Wednesday, August 31, 2011

Seeing the University

Starting on the day we got here, we’ve been getting oriented to the University of Peradeniya. I fell asleep for a couple hours on Monday afternoon and woke up, still tired, when it was time to go on our afternoon walk. We saw a Hindu temple, a mosque, and a Buddhist temple, all of which are used by people at the university. It was very cool to see these three extremely different sites so close to each other.
The Hindu Temple

Outside the Mosque

The Buddhist temple surrounded by plants

We got an official tour of the university yesterday. We saw the library, swimming pool, and gym, which we’re allowed to use whenever they’re open. We also have been getting an unofficial tour from David of the plants in this area. Wherever we go, he finds all sorts of plants and tells us many unusual facts about them. We’ve seen fig trees that start growing only after they kill another fig tree, leaves that curl up when you touch them, huge bamboo plants, bright orange African tulips, plants that bleed poisonous latexes when you break off a leaf, and plenty of others.
David showing us an African tulip tree

We started our Sinhala classes yesterday morning, and had tea with some university students in the afternoon so we could practice what he had learned and start making Sri Lankan friends. So far, we’ve only learned a few basic greetings and how to introduce ourselves, and the university students only speak a little bit of English, so conversation was challenging and hard to understand. The whole experience was a little bit overwhelming. A few of the girls asked us for our email addresses, so hopefully we can see them again once we know more Sinhala.
All of us in front of the welcome sign the university students made for us. The Sinhala script says "Ayoobowan," a formal greeting literally translated as "May you live long."
Fire dancer who performed for us before we had tea with the university students.

We’ve been eating all of our meals at the hotel so far. Today, for our first traditional Sri Lankan breakfast, we had string hoppers, which are basically rice noodles formed into a pancake and served with curry. For lunch and dinner, it’s always been rice and curry, except one night when it was noodles and curry. I’ve been trying to learn how to eat with my fingers, which is pretty challenging and usually ends with me making a mess. We have tea every morning and every afternoon, always prepared with milk and sugar. This afternoon, we’re having tea with our host families before we move in with them tonight.
Monkeys on the side of the road.

Monday, August 29, 2011


I still can’t believe that I’m in Sri Lanka. We just finished our lunch of rice and curry (made less spicy than usual with the plan of making it spicier every day as we build up a tolerance) at the hotel we’re staying at for the first couple nights, and now I’m sitting on the balcony off my room. The past few days have been pretty exhausting, and it’s nice to have some time to sit and maybe even take a nap later this afternoon.
Except for a bit of confusion checking in for my flight in Boston, the journey to Sri Lanka was pretty easy. The ISLE Program had arranged for nine of the ten students on the program as well as Emily, the program assistant and recent ISLE alum, to meet in Chicago and travel together to Colombo (the tenth student was traveling from India and met us in Sri Lanka). Fortunately, everyone was able to get out before Hurricane Irene arrived. There were four of us traveling from Boston, but they refused to check us in all the way to Colombo because our visas are only good for one month and can only be extended for up to three months, but we are planning on staying for four months. We tried to explain that we would be applying for residency and that our visas guaranteed we would get it, but they said that to go to Sri Lanka we needed a return ticket for sometime in the next three months. As a result, we were only able to check our luggage as far as London where we would need to pick up our bags, go through customs, and re-check in for our flight to Colombo. With a three-hour layover in London, we were a little bit concerned that we wouldn’t have enough time.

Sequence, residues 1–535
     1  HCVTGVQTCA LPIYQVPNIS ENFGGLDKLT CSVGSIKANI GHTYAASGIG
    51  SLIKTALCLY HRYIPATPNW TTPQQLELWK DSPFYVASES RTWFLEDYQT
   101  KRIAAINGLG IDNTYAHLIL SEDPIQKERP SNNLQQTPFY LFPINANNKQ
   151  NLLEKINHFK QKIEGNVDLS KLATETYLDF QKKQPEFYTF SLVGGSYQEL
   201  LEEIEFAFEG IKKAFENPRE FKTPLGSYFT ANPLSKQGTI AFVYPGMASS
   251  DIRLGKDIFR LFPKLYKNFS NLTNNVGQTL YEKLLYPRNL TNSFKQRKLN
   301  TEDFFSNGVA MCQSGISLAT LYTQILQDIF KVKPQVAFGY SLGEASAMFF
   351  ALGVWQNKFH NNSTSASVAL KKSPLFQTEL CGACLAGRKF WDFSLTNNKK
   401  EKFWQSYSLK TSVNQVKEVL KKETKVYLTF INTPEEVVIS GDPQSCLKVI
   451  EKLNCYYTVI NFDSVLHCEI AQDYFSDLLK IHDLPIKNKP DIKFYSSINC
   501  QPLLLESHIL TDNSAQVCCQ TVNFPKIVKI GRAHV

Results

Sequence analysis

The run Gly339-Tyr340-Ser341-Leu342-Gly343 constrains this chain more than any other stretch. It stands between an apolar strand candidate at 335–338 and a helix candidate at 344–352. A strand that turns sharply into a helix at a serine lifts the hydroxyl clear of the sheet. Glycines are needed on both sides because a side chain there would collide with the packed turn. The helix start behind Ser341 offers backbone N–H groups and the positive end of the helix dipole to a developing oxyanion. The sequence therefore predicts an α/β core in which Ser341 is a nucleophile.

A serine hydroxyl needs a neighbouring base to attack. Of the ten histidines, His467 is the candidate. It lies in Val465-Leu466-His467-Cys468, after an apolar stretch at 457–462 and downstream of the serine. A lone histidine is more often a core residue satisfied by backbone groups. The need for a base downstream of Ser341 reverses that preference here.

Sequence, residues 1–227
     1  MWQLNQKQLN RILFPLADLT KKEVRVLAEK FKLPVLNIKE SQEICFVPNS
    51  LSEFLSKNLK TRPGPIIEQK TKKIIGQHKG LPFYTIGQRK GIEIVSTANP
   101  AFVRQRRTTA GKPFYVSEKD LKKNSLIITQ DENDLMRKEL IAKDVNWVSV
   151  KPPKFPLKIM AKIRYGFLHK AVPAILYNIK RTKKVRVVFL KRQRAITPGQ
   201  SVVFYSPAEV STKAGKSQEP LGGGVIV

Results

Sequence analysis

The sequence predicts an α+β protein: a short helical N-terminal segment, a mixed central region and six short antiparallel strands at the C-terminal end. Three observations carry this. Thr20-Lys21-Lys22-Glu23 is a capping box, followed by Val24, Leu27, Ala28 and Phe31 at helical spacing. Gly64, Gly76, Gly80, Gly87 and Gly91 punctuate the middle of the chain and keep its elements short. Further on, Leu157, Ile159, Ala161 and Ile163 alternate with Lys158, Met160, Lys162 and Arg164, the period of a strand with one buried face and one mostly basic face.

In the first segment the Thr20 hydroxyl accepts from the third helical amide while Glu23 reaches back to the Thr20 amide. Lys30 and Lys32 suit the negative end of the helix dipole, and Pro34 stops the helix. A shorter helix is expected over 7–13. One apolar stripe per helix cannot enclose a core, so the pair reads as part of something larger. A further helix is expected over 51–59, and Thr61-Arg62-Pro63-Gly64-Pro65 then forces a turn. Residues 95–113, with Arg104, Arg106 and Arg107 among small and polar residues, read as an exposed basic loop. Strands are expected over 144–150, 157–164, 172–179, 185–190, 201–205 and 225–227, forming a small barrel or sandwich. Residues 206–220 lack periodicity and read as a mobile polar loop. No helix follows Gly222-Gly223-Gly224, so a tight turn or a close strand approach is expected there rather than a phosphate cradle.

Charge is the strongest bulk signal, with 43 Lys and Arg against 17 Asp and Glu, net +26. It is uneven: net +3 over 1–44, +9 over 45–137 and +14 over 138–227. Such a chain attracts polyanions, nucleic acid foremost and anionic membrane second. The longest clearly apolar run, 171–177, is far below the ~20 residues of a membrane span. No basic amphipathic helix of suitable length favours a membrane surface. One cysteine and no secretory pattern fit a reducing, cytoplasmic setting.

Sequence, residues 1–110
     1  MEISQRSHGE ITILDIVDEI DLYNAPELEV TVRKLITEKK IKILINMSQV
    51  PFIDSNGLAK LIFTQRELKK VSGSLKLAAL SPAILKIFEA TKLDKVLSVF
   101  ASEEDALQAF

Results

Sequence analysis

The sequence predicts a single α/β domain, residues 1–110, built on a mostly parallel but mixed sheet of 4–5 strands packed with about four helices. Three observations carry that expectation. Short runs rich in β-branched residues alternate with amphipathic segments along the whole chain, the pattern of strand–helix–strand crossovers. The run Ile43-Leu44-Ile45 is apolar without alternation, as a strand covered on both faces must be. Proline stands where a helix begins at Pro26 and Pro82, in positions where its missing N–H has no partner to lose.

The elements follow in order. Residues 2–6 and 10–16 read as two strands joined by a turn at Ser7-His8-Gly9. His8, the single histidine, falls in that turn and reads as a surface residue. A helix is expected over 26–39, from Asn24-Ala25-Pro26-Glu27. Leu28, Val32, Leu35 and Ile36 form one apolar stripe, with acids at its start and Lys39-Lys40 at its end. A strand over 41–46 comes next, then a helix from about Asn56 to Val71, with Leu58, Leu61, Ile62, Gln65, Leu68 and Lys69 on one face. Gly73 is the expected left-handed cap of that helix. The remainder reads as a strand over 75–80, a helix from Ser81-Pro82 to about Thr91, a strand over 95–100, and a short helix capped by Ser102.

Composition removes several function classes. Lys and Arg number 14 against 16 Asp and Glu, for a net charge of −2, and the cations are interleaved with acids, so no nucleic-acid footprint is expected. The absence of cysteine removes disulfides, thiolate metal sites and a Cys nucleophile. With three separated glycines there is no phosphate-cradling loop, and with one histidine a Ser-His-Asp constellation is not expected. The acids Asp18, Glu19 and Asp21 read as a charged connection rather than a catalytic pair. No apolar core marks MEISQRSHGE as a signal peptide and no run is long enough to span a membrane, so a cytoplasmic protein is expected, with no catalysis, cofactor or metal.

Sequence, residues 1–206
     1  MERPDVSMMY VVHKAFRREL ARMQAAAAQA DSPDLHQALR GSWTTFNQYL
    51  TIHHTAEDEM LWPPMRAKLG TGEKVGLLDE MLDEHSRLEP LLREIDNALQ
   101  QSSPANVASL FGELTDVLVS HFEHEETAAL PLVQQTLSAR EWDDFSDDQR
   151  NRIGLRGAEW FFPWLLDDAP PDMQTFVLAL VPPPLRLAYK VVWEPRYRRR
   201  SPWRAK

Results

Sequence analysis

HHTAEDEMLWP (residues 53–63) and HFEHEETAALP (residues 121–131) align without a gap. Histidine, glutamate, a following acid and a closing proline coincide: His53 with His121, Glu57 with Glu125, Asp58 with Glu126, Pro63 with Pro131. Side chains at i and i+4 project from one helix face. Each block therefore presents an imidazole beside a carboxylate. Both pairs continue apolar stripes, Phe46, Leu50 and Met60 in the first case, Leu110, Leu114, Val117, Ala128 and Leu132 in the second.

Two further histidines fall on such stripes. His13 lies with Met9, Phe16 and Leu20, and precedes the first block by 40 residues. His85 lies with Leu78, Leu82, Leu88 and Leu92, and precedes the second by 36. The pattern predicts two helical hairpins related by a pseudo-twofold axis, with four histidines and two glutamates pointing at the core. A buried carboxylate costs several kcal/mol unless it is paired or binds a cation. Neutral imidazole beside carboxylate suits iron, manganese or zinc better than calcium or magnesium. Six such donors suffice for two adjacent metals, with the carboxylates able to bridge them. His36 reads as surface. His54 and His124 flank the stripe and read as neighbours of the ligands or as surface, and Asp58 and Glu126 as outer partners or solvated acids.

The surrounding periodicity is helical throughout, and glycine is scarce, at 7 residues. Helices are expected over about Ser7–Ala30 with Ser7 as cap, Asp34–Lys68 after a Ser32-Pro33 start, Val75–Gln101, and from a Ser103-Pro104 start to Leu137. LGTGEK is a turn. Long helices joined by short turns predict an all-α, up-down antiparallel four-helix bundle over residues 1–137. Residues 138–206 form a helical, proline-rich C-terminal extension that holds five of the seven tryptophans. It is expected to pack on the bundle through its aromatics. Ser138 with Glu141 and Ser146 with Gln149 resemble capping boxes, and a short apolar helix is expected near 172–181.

We met the rest of the group in Chicago, where we learned that everyone else had successfully checked their bags all the way through, so when we got to London, those of us who had to go through customs got off the plane as quickly as possible and hurried through the airport. We made it through customs, got our bags re-checked, and got to our gate with plenty of time to spare. In fact, we got there before the rest of the group, which had to explain to the people at the transfer desk why their visas were too short.
The eleven-hour flight from London to Colombo was actually not so bad. It was long, but the plane was only half full, so I got two seats to myself and was able to get some sleep. David, the program director, met us when our plane landed at 1:30 am. After filling out our applications for residency, we got into a couple of vans to drive to Kandy. The first thing I noticed when I stepped outside was the humidity. It was 3:00 am, but still over 80 degrees. There weren’t too many cars on the road at that time, but there were enough for us to learn that the lanes in Sri Lanka are fluid—a two lane road easily becomes a three or four lane road when one person wants to pass another.
We got to our hotel at around 6:00. After eating mangosteen and rambutan (two delicious fruits), we got settled, ate breakfast, and went out for a walk around Kandy. It’s beautiful city, but I was a little bit too tired to really take it all in. In a few hours, we’re going to see some religious sites near the University. Then we have the evening off before Sinhala class tomorrow morning.

Waiting for our plane in Chicago

The sunset as seen from the balcony off my hotel room

Rambutan (on the left) and mangosteen